While some moments are deeply emotional, Mandvi’s performance is largely comedic, often broadly so. The audience greeted much of it with laughter when I attended. I, though, felt more like the stone in Agzi’s pocket. Culture clashes can make for fine comedy, as so many plays and movies have demonstrated, but Sakina’s Restaurant too often seems clichéd, offering little we haven’t seen or heard in recent years, including in Indian contexts (The Big Sick comes to mind). Thus we have the familiar parental fear that their kids will betray their heritage (remember The Jazz Singer?) for the American way, or that America actually may not be the shining city on the hill longed for by people in hardscrabble countries.
Aasif Mandvi. Photo: Lisa Berg.
At one point, Agzi tries to convince a customer that, using the restaurant’s rating scale of 1-5, the dish he’s ordered as a 5 would be too spicy and should be a 2. “I’m trying to save your life, sir” he insists in one of his best lines. I can’t say how the Zagat Survey would rate Sakina’s Restaurant. But if we're talking about a 1-5 scale measuring theatrical taste, I'd give the play a 2 3/4.


Minetta Lane Theatre
18 Minetta Lane, NYC
Through November 11

Tuesday, October 23, 2018

Saturday, October 20, 2018

105 (2018-2019): Review: APOLOGIA (seen October 19, 2018)

“The Dinner That Goes Wrong”

Female activists from the 60s are currently storming Off Broadway’s barricades, what with the recently opened Gloria: A Life, starring Christine Lahti as the real-life Gloria Steinem, and Alexi Kaye Campbell’s Apologia, starring Stockard Channing as the fictional Kristin Miller. I haven’t seen Gloria yet so I’m not sure what, if anything, the plays have in common, but it’s hard not to watch the mildly entertaining if unexceptionally conventional Apologia without thinking of Ms. Steinem.

Campbell’s comedy-drama—with a splash of farce—is primarily attractive for its memorable portrait (and Channing’s performance) of Kristin, a woman in her late sixties, whose life as an art historian and political idealist has not been without collateral damage.

Apologia, originally staged in London in 2009, was revived there last year under Jamie Lloyd’s direction, with Channing receiving rave reviews. She repeats her strong performance in the play’s New York premiere at the Laura Pels Theatre, briskly directed by Daniel Aukin for the Roundabout Theatre Company.
Kristin, an ex-pat American (Campbell rewrote the original British character for Channing), who disdains the shallowness of Americans and American culture, lives in an English countryside cottage, realistically designed by Dane Laffrey. (Bradley King designed the lights and Anita Yavich the costumes). Arriving to celebrate her birthday are her older son, the 40ish Peter (Hugh Dancy, excellent in a thinly drawn role), a banker his mother blames for raping the Third World, and Peter’s American girlfriend, Trudi (Talene Monahon, rather strident), a sincere young woman from Nebraska. The Liberian mask they’ve brought as a gift will generate discussion and come to have thematic, albeit awkwardly contrived, overtones when its provenance is uncovered.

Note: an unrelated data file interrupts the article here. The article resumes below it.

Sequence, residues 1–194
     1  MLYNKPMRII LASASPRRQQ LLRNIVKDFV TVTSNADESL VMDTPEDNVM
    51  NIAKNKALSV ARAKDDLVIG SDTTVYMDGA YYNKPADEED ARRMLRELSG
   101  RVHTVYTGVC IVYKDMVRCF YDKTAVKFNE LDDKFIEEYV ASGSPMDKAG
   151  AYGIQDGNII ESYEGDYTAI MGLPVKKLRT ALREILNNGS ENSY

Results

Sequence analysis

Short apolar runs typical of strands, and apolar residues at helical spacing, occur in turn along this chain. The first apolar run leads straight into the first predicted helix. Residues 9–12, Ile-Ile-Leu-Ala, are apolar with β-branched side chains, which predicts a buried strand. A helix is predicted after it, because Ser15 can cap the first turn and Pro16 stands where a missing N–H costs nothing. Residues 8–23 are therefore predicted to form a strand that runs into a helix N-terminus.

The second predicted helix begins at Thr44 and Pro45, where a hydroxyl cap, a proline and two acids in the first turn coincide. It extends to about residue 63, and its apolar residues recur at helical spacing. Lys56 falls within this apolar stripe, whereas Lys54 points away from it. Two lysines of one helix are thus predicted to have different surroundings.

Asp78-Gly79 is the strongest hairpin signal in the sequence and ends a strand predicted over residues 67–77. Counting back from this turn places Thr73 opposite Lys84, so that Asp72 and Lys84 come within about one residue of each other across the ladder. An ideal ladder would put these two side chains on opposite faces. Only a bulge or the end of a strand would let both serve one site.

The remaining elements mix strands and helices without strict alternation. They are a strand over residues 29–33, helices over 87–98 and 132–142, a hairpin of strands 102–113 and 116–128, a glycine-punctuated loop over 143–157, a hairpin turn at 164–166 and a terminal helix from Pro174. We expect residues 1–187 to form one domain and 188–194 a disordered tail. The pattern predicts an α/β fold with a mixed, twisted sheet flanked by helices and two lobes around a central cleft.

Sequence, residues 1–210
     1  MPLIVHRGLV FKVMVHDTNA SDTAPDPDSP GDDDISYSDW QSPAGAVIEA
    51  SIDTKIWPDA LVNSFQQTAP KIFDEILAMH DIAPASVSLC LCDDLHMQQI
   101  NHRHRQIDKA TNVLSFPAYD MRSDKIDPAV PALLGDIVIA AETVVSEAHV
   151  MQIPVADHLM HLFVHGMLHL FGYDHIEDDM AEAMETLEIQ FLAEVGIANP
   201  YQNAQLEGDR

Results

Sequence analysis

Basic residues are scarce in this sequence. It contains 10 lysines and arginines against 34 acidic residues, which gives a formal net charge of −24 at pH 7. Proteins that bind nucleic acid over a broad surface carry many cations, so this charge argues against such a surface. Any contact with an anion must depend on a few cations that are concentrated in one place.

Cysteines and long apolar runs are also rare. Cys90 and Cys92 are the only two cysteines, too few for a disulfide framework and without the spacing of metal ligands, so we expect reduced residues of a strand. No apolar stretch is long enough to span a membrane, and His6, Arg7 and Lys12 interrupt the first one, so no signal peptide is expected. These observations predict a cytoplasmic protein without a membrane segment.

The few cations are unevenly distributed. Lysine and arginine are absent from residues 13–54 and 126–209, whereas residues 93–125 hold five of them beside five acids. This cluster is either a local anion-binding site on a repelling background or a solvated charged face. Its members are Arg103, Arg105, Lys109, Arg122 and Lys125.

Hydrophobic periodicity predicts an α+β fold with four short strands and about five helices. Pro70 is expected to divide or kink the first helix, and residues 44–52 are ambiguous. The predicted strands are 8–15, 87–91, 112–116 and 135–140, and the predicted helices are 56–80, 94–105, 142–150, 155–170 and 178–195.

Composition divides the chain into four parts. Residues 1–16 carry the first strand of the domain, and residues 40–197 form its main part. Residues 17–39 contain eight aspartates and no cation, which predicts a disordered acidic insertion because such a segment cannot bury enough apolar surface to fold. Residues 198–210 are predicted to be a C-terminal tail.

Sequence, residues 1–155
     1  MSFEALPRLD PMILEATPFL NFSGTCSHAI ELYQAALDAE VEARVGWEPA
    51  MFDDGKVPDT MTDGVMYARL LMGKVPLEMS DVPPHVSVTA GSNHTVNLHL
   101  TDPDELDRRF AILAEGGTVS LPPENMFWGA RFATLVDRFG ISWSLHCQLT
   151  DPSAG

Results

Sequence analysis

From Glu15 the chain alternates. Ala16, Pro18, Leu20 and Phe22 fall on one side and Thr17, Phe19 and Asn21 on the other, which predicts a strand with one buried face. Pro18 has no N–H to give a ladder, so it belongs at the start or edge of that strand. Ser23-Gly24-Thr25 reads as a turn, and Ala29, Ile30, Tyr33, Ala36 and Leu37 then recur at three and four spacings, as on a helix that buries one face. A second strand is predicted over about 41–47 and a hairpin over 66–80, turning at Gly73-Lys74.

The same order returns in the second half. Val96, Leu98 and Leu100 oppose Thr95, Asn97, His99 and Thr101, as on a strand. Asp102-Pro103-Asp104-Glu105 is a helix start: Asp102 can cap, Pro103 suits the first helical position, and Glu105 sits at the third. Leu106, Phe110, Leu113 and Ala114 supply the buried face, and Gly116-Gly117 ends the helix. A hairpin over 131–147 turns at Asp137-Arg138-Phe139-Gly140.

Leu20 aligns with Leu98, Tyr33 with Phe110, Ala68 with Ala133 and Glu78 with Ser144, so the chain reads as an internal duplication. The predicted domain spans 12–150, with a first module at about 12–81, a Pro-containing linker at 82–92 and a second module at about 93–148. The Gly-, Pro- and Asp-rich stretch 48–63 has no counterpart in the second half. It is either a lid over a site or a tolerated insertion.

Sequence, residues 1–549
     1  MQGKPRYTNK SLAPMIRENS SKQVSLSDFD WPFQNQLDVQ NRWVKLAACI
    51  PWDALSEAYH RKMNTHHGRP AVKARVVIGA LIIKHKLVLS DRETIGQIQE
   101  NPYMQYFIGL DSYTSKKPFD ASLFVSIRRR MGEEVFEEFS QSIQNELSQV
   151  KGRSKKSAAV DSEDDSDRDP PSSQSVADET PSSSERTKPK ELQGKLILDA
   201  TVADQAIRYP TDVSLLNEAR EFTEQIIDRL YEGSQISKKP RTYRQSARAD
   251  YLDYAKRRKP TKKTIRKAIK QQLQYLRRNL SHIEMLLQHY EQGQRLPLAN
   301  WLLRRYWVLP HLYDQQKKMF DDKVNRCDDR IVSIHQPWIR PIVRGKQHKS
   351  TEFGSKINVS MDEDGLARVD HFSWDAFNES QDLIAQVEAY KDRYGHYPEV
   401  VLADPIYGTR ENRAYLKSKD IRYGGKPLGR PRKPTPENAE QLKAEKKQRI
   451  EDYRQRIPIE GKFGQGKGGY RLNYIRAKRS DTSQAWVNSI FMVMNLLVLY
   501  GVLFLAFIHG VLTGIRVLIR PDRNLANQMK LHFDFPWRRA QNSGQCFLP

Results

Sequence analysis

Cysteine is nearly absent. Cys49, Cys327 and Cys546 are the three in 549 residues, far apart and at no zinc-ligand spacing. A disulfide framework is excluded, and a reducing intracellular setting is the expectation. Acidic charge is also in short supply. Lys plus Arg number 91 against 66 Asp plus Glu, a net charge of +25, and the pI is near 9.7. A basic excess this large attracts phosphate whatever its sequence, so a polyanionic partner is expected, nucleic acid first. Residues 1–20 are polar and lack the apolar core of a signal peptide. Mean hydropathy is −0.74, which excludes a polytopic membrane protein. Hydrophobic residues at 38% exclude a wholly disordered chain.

Also present are Kristin’s gay, witty, English friend, Hugh (John Tillinger, charmingly urbane), who’s been her fellow protest marcher for over 40 years, and Claire (Megalyn Echikunwoke, excellent), the stunning, if somewhat shallow, star of a TV series. She’s the girlfriend of Kristin’s slightly younger son, the emotionally damaged Simon (also played by Dancy), who doesn’t show up for a while, giving Kristin something to be nervous about until he arrives. 
Until then, she has lots of other stuff on her plate, although not the chicken she was cooking, since the oven isn’t working. Hugh thus has to order in fish and chips, much to his ultimate gastronomic distress. (Must've been those mushy peas.) The action circles around Kristin’s supercilious reactions to everyone, and theirs to her, especially in relation to her recent book, Apologia, a memoir, in which she discusses things like the art of Giotto. 
The title Apologia is explained by Kristin as meaning “a formal, written defence of one’s opinions or conduct,” and isn’t meant as an apology. There are actually several apologies in the play but getting one from Kristin is no easy thing. Seeking one, though, becomes the play’s core when Peter, and then Simon, furiously express their disappointment at not having been mentioned in her book. This is tied to what they perceive as her selfish abandonment of them as children to their father’s custody when she and he got divorced; her preoccupation with her career and activism are also blamed. Kristin’s explanation is barely an excuse, much less an apology.

Kristin, unable to maintain congeniality, can’t hide her scorn for those she considers cultural yahoos, which may make you want to throttle her. Trudi is American so that’s one strike against her; strike two, she believes in Christianity; and strike three is that she met Peter at a prayer meeting and that he’s showing an interest in religion.
Kristin’s love of Renaissance humanism, even if expressed in a wonderful speech about a Giotto painting showing Mary embracing Christ, has no place for religious belief, as underscored in one of the several scenes intended for discussion and not dramatic action. She may march on behalf of the downtrodden but she shows little patience for those uncommitted to progressive causes.

Then there’s Claire, whose fame and fortune are tied to her success acting in what Kristin keeps denigrating as a soap opera, no matter how earnestly Claire rationalizes it as being on a higher level. Kristin appreciates that Claire once played Nora in an experimental production of A Doll’s House, but, in her narrow world view, she doesn’t think twice about using the word “whore” for anyone making and spending money instead of advancing a cause.